so I apologize if I get any of this wrong, because this is from memory. But I knew that I wanted to get rid of manual partitioning, because so many of these things that inspired Iceberg features, were constant problems that we had people coming to us and asking about. And we knew that if we were replacing this bottom layer in our software stack, we needed to get it right, because we were only going to do it once. So we included a number of other things in the initial version that we thought were very important. So first of all, was that hidden partitioning, don’t make users need to know the physical layout of the table in order to effectively query it. Same thing with schema evolution across multiple formats. So we said, if we’re going to get, you know, fix this rename problem, or fix the ability, you know, the, if you drop and add a column, you resurrect zombie data, right, we knew we had to fix those things. So we had schema evolution, hidden partitioning, and metadata file, essentially file level, metadata tracking, and atomic. Still, the same, like atomic swap that we use for commits that we do today was all in the initial version. What was missing was, we didn’t yet have the metadata pushed down. So we didn’t have column level metadata in there at first, we added that very quickly afterwards, for that file level pruning, because that was actually a huge win. Because going to users in Netflix, we said, hey, we can solve a lot of your problems. And they said, That’s awesome. I don’t really care about, you know, not being able to rename columns. And we’re like, but that’s a correctness issue that you spent a week last month fixing. And they were like, Yeah, but it sounds hard to migrate my tables. So we ended up going in and building some of these like, bigger features, in order to entice people to move over. Because if we were just replacing hive tables with something that had the same performance profile as a hive table, but was safe, people just didn’t see the need to move over. So we pretty quickly added the early use cases were around scale, you know, going and getting to scale that we couldn’t before, especially in planning time. Our early slides talked about taking a job that took, I think, 10 minutes to plan even in parallel and making it run in 45 seconds. You know, and I think it took more than 24 hours to run because we couldn’t do that file level pruning. Yeah, we were reading every single file and A huge set of partitions, and there was just no need, you could get that down by 100x. So that was really cool. The other was actually thanks to hidden partitioning, what we could do was we built a Flink sink, that would write directly into event time partitioning, rather than processing time partitioning. And that was huge for our users, because they always want to deal with downstream event time, no one wants to deal with processing time, because then you’ve got to have you know, multiple filters, you got to say, Okay, well, I’m willing to take this window of when the data may have arrived. But I’m really looking for this data, you know, in terms of like, when it actually occurred. It’s a massive pain. And if you can deliver data and partition it from the get go in event time, and then maybe use automatic compaction and things to take care of the small files problem that relieves enormous burden on data engineers for actually the way they think about and manage that data.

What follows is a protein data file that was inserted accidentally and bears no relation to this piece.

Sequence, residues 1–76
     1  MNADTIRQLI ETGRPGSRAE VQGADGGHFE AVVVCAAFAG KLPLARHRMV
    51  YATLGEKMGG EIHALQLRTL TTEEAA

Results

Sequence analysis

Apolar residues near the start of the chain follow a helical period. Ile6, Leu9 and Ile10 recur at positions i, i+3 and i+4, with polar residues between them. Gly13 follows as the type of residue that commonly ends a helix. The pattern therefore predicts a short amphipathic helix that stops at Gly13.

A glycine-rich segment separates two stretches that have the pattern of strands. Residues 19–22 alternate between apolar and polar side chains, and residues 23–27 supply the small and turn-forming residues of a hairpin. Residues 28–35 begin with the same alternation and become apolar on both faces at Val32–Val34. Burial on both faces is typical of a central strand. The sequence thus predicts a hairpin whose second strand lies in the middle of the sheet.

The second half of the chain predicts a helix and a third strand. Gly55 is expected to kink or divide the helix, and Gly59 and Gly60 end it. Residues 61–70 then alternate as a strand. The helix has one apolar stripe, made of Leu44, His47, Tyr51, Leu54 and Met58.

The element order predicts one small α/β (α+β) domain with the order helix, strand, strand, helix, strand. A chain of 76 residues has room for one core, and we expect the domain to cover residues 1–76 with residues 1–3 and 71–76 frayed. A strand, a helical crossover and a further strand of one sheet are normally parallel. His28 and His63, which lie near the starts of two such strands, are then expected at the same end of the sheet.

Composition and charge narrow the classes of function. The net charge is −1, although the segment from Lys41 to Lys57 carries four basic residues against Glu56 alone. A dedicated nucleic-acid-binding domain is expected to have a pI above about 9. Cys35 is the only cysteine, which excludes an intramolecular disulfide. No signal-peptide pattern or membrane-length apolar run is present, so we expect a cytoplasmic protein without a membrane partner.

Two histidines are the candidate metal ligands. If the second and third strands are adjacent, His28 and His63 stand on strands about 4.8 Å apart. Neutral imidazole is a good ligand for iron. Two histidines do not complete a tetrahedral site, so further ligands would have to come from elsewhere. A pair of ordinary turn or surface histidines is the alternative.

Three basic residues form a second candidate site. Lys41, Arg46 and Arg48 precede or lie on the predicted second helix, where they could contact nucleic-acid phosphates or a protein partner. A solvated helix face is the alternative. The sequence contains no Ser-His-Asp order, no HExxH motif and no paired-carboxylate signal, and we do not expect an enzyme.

Kostas Pardalis 31:11
You mentioned partitioning, like a couple of times already. And I mean, it is like a big part of working with, like, lake architecture. Can you tell us a little bit again, you mentioned, like you knew that like one of the first things that should be delivered, there was the automatic partition thing, right? And change the way that people interact with partitioning the data, those a little bit more about, like how it happened before, from the perspective of the user, right? Like the data engineer was like working with the data. They’re like, how they were doing it like before, and what changed after Iceberg? wasn’t the greatest there.

Ryan Blue 31:49